Satellite farm on the rooftop of SBS TV. Generic Television, satellites, free to air. Monday 31st May 2010 AFR photo Louie Douvis job# 129997 Photo: Louie DouvisAnalysis
Television broadcast licence fees are top of mind in the media industry this week as the federal budget approaches and Network Ten readies for what are expected to be stormy half-year results.
But would cuts in licence fees be enough to save the industry?
Last budget the government announced a permanent 25 per cent discount in licence fees to 3.375 per cent of gross revenue, down from 4.5 per cent of gross revenue.
This means the government will receive about $108 million in fees, down from $154 million the year before.
Effectively, the discount reduces Network Ten’s fees to about $23 million, down from about $30 million on their 2015-16 revenues of $676 million. Nine’s fees drop from about $58 million to $43 million, and Seven’s from $77 million to about $58 million.
But the networks want more cuts, arguing licence fees are lower overseas and they repay the public through licence obligations and economic stimulation. For example, UK broadcasters only pay 0.18 per cent of revenue in fees, Seven told a parliamentary committee. (For companies with revenue the size of Ten, Seven, and Nine the fees would be about 0.27 per cent).
More recently they have asked for fee cuts to compensate for a proposed ban on gambling ads screening during live sport. However, one analyst estimates this law cost a network like Nine, which screens rugby and cricket, less than $10 million in lost revenue.
So if fees were slashed to UK levels of less than one per cent, Network Ten’s licence fee would drop to about $1.2 million, Nine’s to $2.3 million and Seven’s to $3.1 million.
Given that Ten has warned it could see losses of up to $30 million this year, the saving of $21.8 million would help, but it wouldn’t reverse fortunes.
Still, in the declining world of traditional media every little bit helps and every cost reduction saves jobs.
But on the other hand, should television get a free ride on spectrum? The broadcast licence fee is how television networks pay for making money out of publicly-owned spectrum, as well as through their corporate taxes.
Acting chief executive of Free TV Australia, Pamela Longstaff, says television does not get spectrum for free.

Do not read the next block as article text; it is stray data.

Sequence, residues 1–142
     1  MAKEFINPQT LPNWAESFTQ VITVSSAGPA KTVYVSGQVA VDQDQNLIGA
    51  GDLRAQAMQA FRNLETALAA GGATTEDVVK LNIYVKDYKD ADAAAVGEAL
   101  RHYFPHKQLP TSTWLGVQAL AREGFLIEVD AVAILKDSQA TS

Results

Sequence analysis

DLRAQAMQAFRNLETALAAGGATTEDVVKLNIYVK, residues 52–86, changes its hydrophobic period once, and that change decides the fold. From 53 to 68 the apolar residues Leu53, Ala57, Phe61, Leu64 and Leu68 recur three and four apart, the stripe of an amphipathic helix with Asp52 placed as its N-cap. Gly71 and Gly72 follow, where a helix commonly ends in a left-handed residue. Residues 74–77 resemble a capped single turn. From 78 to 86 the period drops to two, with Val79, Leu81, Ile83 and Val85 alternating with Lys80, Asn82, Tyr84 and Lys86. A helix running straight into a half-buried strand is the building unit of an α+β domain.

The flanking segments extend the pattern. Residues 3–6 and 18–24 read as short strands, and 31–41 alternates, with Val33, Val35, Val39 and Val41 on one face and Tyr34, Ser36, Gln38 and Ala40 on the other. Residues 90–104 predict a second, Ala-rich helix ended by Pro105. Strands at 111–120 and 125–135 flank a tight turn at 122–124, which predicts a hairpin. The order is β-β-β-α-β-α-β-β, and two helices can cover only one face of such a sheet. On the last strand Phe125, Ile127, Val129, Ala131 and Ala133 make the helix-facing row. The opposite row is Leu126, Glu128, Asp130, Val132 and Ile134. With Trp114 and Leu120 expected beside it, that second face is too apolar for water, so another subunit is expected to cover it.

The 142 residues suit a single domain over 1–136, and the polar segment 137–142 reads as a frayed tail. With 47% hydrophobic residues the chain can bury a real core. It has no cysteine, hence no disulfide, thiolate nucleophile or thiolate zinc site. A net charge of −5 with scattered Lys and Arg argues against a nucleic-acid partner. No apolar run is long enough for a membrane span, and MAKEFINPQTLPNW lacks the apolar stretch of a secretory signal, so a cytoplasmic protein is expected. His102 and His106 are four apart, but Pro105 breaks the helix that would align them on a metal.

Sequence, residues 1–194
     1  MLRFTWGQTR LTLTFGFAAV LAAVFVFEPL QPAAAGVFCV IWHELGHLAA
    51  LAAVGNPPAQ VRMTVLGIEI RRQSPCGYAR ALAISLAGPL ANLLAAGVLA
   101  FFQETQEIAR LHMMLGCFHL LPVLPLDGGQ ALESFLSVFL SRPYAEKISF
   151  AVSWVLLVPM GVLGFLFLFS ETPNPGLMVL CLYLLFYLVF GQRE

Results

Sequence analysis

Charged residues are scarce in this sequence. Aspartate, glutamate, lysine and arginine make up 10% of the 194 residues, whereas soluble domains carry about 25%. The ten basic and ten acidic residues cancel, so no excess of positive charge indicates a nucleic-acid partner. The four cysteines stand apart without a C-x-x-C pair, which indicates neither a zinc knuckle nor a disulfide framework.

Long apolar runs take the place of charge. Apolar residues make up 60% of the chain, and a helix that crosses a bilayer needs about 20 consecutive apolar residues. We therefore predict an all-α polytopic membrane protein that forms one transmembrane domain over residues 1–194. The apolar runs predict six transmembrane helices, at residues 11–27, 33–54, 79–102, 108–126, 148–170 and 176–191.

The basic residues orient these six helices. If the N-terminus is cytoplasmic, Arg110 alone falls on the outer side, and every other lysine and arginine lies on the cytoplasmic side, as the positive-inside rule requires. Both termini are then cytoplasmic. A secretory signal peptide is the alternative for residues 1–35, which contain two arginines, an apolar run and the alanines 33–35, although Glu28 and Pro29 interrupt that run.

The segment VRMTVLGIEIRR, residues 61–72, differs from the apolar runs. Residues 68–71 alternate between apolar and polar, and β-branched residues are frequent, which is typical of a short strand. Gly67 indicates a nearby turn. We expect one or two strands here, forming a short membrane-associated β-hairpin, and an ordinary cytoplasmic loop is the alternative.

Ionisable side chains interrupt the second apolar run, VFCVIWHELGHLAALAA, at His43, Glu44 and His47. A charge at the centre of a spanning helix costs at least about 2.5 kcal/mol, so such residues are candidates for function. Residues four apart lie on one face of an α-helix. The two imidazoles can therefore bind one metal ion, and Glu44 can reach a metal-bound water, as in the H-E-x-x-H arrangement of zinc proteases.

“Fees need to recognise that there are stringent obligations on how [networks] use spectrum, including spending $1.5 billion per annum on local content,” she says.
Networks provide free live sports, news, current affairs and fulfil important public policy obligations, she added.
But Australia’s spectrum is worth billions to the public purse, just ask the telecommunications industry.
TPG recently paid an international record high price of $1.2 billion for a 12-year licence on a modest chunk of spectrum in the 700 megahertz (MHz) frequency to so its new mobile network can reach just 80 per cent of the population.
Telco spectrum licences are usually issued for 15 years at a time. In 2012 former communications minister Stephen Conroy decided to reissue Telstra, Optus and Vodafone’s licences in the 2000 MHz range for a collective $1.4 billion, or about $90 million per year.
The television networks are sitting on billions of dollars worth of spectrum, but only pay an annual transmission fee of less than $100 a year plus licence fees.
It is unlikely the federal government would drop the fee to the same level as the UK, where the communications regulator collected just ??18 million ($30.5 million) in television broadcasting licence and administration fees in 2015-16, and ??1.1 million ($1.8 million) for the cost of managing television broadcasting spectrum.
And bear in mind the UK also charges every household with a television set an annual fee of ??147 ($A250). This levy reaped ??3.7 billion ($6.3 billion) last year, which went straight towards ??4 billion ($6.8 billion) in BBC operating costs. (Locally the ABC receives $1 billion in government funding to cover its $1.2 billion operating costs).
The commercial networks haven’t publicly suggested how the government should make up for the revenue shortfall if and when licence fees are cut.
But annual levies or subscription fees would not go down well in the electorate and in the digital era would push more people away from free-to-air broadcasting and into streaming services, which pay no licence fees and often no tax in Australia.